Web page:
Appellant was tried before a jury and found guilty of child molestation. He appeals from the judgment of conviction and sentence entered on the jury's verdict of guilt, enumerating as error only the trial court's refusal to allow certain expert testimony at trial.
On appeal, appellant contends that the expert would have testified that, in his opinion, appellant was not a pedophile. However, the proffer demonstrates that the expert did not hold such an unequivocal opinion. In the expert's own words, "the validity of [appellant's psychological testing results] is exceedingly low," and the "negative findings should be interpreted quite cautiously, because [appellant] still could have been involved in child molestation but [the] absence of positive testing results failed to demonstrate same." This is not an opinion that appellant is not a pedophile, but a mere statement that psychological testing had failed to prove that he was.
Moreover, even if the proffer had demonstrated that the expert was of the unequivocal opinion that appellant was not a pedophile, such opinion would still not be admissible. There is no authority for the admission of an expert opinion that the defendant who is on trial for sex crimes against a child is or is not a pedophile. The question of the admissibility of such an opinion was not raised and resolved in Butler v. State, 173 Ga. App. 168 (325 SE2d 835) (1984)
or Cooper v. State, 178 Ga. App. 709 (345 SE2d 606) (1986)
. In Harwood v. State, 195 Ga. App. 465
, 466 (1) (394 SE2d 109
) (1990), it was undisputed that the defendant had been a pedophile and the expert testimony at issue in that case related solely to the issue of "self rehabilitation." In Exley v. State, 198 Ga. App. 748
-749 (1) (402 SE2d 798
) (1991), the expert merely defined the term "pedophile," "and there was no discussion of appellant's personal history or traits in connection with the definition of the term."
In Jennette v. State, 197 Ga. App. 580
, 582 (3) (398 SE2d 734
) (1990), however, the issue which was raised and resolved was the admissibility of the testimony of an expert "that, after evaluating a battery of psychological profile tests given to appellant, appellant does not fit the profile of a child or adolescent sex abuser." This court clearly and unequivocally held: "The profile testimony sought to be introduced by appellant goes to the credibility and believability of appellant's own testimony that he did not commit the acts charged and further speaks to the ultimate fact of whether appellant committed those acts. From the extensive testimony and cross-examination of the various witnesses at trial, the jury, without the help of expert opinion, could have determined the credibility and truthfulness of all the witnesses and could have formed independent opinions as to the victim['s] truthfulness and the appellant's capability of performing the acts he was accused of. These determinations did not involve 'unique and mysterious areas of human response' necessitating expert testimony." Jennette v. State, supra at 582-583 (3). Here, as in Jennette, "profile testimony" that, in the opinion of an expert, appellant was or was not a pedophile would not constitute admissible expert testimony.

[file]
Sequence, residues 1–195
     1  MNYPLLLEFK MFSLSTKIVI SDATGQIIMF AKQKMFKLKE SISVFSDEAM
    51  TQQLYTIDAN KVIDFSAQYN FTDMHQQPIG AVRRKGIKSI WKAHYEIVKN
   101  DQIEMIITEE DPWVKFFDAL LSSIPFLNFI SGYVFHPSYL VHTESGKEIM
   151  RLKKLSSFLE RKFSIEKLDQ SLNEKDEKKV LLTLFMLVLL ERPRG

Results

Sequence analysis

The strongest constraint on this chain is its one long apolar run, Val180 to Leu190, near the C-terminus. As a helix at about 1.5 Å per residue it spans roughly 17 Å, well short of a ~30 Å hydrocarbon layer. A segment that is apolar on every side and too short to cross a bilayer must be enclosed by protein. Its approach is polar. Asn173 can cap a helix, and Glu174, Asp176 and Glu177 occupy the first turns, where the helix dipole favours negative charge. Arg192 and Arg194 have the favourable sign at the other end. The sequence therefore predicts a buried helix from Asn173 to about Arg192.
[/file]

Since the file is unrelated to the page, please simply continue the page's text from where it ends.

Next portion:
POPE, Judge, concurring specially.
I agree the trial court did not commit harmful error by refusing to allow the expert testimony sought to be introduced by defendant. The record reveals the expert who examined the defendant would only be able to state that the psychological testing of defendant did not prove he was a pedophile; and the expert would not be able to state that it was unlikely defendant was a pedophile or that he did not commit the crime charged. I write separately because I do not agree with the reasons set forth in Jennette v. State, 197 Ga. App. 580 (3) (398 SE2d 734) (1990)
, and relied upon by the majority in this case, for excluding psychological profile evidence in criminal cases involving sexual deviations.
In Jennette, the defendant was indicted on five counts of sexual assault and five counts of simple battery. Id. at 580. At trial, the defendant sought to introduce expert opinion testimony on two subjects. He sought to introduce testimony on the "lying child syndrome," that is, "the propensity of a child to relate and to repeat untruthful statements about a person who is an authority figure in their life in order to manipulate that child's environment." Id. at 581. He also sought to present the testimony of an expert who would state that it was his opinion after evaluating a battery of psychological profile tests administered to defendant that defendant did not "fit the profile of a child or adolescent sex abuser." Id. at 582. In Jennette, we analyzed both types of opinions together and held both opinions went to the credibility of certain witnesses, the subject matter of the opinions did not involve " 'unique and mysterious areas of human response[,]' " and concluded the defendant could not offer the expert testimony. Id. at 583.